Sudan presidential palace gunman, 2 guards killed

AP News
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Posted: Nov 08, 2014 9:39 AM

KHARTOUM, Sudan (AP) — A Sudanese man stabbed and then shot two security guards Saturday outside the presidential palace in the capital Khartoum, prompting a return of fire killed him, in an attack the military spokesman described as non-political.

Col. Sawarmi Khalid told The Associated Press that the attack started when the man argued with the guards outside the palace because he wanted to pass into a secured area.

When the guards prevented him from passing, Khalid said, the man stabbed a guard with a sharp object, then seized a rifle and started firing. The shooting left two guards dead, and prompted others to return fire and shoot the man, Khalid said. The semi-official Sudan Media Center website said the unidentified man approached palace guards with a knife, stabbing one and snatching his weapon, before opening fire at the same guard and another.

Presidential spokesman Emad Sid Ahmed confirmed the attack to the state news agency SUNA.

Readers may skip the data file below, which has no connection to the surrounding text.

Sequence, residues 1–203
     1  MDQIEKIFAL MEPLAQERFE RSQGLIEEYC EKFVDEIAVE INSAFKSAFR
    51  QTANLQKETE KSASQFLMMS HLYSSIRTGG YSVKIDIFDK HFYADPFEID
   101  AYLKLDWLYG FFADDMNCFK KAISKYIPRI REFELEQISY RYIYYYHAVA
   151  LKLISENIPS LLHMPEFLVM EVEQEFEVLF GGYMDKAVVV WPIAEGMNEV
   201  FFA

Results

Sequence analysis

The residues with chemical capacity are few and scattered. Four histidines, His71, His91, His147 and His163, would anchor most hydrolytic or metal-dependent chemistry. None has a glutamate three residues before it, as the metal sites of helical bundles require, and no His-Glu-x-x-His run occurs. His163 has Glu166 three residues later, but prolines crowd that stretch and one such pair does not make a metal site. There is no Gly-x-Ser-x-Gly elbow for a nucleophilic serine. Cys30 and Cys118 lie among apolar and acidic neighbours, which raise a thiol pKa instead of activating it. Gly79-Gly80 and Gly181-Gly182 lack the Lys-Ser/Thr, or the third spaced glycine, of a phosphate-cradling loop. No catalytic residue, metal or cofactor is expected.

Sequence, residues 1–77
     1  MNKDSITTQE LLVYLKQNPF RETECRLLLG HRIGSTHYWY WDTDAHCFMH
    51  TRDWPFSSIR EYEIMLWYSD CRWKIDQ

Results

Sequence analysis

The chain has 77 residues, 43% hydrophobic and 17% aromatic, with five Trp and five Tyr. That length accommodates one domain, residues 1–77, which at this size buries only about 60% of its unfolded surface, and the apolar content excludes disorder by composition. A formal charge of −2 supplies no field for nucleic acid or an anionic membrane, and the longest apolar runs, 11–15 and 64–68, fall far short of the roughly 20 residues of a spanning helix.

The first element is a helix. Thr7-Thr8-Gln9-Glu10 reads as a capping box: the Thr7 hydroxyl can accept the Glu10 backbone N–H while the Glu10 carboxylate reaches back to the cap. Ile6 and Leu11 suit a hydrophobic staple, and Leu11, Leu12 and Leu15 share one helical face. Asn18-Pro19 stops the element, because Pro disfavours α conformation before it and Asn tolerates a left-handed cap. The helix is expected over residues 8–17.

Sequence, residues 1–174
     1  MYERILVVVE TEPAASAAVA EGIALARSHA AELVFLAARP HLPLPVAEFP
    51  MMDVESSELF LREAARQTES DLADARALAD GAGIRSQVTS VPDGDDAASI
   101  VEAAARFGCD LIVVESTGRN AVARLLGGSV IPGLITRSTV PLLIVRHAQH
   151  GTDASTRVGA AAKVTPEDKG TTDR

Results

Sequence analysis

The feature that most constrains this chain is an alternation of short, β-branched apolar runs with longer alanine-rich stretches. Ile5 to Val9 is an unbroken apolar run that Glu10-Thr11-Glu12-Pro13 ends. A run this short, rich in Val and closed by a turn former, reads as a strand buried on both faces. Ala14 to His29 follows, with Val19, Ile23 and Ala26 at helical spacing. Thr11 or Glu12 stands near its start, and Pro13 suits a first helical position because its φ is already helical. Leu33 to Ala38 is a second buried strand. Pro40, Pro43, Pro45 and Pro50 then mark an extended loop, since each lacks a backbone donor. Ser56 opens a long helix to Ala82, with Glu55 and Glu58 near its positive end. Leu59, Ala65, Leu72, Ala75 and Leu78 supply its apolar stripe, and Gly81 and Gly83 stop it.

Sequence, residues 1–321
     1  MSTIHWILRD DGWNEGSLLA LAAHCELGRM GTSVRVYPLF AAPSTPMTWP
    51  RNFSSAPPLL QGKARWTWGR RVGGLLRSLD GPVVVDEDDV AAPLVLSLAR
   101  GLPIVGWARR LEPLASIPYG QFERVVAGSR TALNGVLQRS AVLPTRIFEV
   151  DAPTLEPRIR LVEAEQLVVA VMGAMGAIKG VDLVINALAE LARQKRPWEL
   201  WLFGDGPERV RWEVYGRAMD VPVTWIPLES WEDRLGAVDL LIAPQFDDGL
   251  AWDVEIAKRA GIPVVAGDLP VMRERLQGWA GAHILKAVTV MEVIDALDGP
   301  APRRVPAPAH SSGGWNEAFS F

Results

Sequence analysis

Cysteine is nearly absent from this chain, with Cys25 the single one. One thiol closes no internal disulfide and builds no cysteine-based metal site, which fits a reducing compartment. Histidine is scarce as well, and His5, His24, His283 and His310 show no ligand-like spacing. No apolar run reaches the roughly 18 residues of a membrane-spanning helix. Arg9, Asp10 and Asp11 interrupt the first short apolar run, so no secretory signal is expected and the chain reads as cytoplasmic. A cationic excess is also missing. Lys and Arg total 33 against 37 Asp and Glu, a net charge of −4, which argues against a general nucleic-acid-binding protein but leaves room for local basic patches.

Khalid said the man, a native of conflict-riddled Kordofan province, had no known political affiliation. He described him as "mentally unstable." Rebels in south Kordofan, along the border with South Sudan, are fighting the central government.

"All investigations show that he is mentally unstable. He has no political affiliation and is uneducated," said Khalid. "There were no repercussions to the attack and no subsequent gatherings outside the palace. Police were deployed to prevent any impact or disturbance."

Khalid said President Omar al-Bashir was not in the palace and further security was deployed after the shooting.

Al-Bashir came to power in a 1989 coup. He announced last month he plans to run for office again next year.

The Sudan Media Center website said the heavy shooting caused panic in the area, leading nearby shop owners to close their businesses. An Associated Press reporter at the scene after the shooting said traffic had returned to normal.

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Sarah El Deeb in Cairo contributed to this report